She received six months supervision, 100 hours community work and was ordered to make an emotional harm payment of $400 in lieu of her $843 share of reparation for the burglary, which the judge accepted Haenga had no means to pay.

The burglary, on September 30 last year, involved a 16-year-old female accomplice, who has since been dealt with by Youth Aid.

Haenga and the younger teen had been socialising with others at a Gisborne address. The group left the house together but, now knowing there would be no one at home, Haenga and her associate returned to burgle it.

Items taken included food, USB sticks, an electronic tablet and a pounamu necklace. The only thing recovered was the tablet.

While Haenga claimed she hadn’t taken the necklace, she was still responsible for its disappearance through her involvement in the burglary, the judge said.

She should give some thought as to whether she could assist in it being recovered and returned, the judge told her.

It was the loss of that item that had upset the complainants the most, the judge said.

The other offences occurred on September 23 when a bystander reported seeing Haenga fighting another girl in public and asked police to intervene.

When told she was under arrest, Haenga abused and tried to escape from an officer. She was caught but resisted by thrashing about and kicking out with her legs.

Her verbal abuse continued in a patrol car on the way to the police station. Arriving there, she kicked out at officers trying to get her out of the vehicle and spat on them.

Mr Lynch said Haenga’s aunt and uncle, with whom she was now living, were good people who had set up a charitable trust, one of the goals of which was to help youth offenders on the East Coast.

They were also caregivers for Oranga Tamariki.

Haenga would now do literacy and other courses and had no intention of returning to Gisborne, where her offending occurred, Mr Lynch said.

For his part in the theft of a jet ski and other offences, Andre Steve Hedge, 49, was jailed for seven months.

Hedge pleaded guilty to the theft, two charges of possessing drug utensils, for methamphetamine and cannabis, and two breaches of bail.

Judge Haamiora Raumati sentenced Hedge, who appeared via audiovisual-link from a prison remand unit where he has been since October last year after twice missing his scheduled sentencing, which resulted in the breach of bail charges.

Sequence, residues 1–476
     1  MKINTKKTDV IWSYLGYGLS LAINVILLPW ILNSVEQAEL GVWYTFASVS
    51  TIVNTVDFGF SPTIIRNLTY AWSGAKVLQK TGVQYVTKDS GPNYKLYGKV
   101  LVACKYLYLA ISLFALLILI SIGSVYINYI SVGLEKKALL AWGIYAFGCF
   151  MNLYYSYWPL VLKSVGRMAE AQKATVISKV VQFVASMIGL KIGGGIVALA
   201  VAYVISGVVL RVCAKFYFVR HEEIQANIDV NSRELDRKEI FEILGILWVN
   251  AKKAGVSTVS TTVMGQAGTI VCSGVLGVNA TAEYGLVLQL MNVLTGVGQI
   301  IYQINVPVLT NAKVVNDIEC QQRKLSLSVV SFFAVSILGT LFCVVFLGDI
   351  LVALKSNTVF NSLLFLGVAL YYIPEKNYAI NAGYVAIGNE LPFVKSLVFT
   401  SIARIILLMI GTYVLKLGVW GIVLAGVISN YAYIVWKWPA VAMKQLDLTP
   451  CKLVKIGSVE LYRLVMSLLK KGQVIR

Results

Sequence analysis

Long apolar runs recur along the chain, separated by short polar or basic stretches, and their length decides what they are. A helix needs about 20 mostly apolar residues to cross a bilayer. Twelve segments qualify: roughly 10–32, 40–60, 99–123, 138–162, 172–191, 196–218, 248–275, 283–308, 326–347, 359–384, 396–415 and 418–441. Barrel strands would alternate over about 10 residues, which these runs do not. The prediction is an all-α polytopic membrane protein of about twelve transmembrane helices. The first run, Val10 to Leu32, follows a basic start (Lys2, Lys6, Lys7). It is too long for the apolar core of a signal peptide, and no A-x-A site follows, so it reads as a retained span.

Hedge and co-offenders took the jet ski from Gisborne aerodrome and delivered it to a prearranged buyer in Auckland.

Lawyer Leighvi Maynard said Hedge had no means of paying his $7500 share of the reparation sought for the unrecovered jet ski.

While Hedge had a criminal history, none of his previous offences was directly relevant to this sentencing, Judge Raumati said.

Mr Maynard said Hedge accepted a prison term was the appropriate outcome –– home detention was not an option. While on remand in custody, Hedge had been taking steps to address his drug addiction.

Taking account of the sentence imposed on one of Hedge’s co-offenders –– Cameron Roland Turnbull, 36 –– the judge set a starting point of 10 months imprisonment, reducing it by three months for Hedge’s guilty pleas.

Hedge will also be subject to release conditions for six months.

Patrick Arahanga, 34, was to spend no more time in jail having already served the equivalent of a nine-month prison term now imposed on him, the judge said.

The sentence was to cover two assaults on women, a charge of threatening behaviour and a breach of bail. Arahanga will be subject to release conditions for six months.

He was released from custody on bail last year when industrial action prevented his scheduled sentencings from going ahead and a risk arose of him ultimately serving too much time.

He had by then been imprisoned for as long as his anticipated sentence.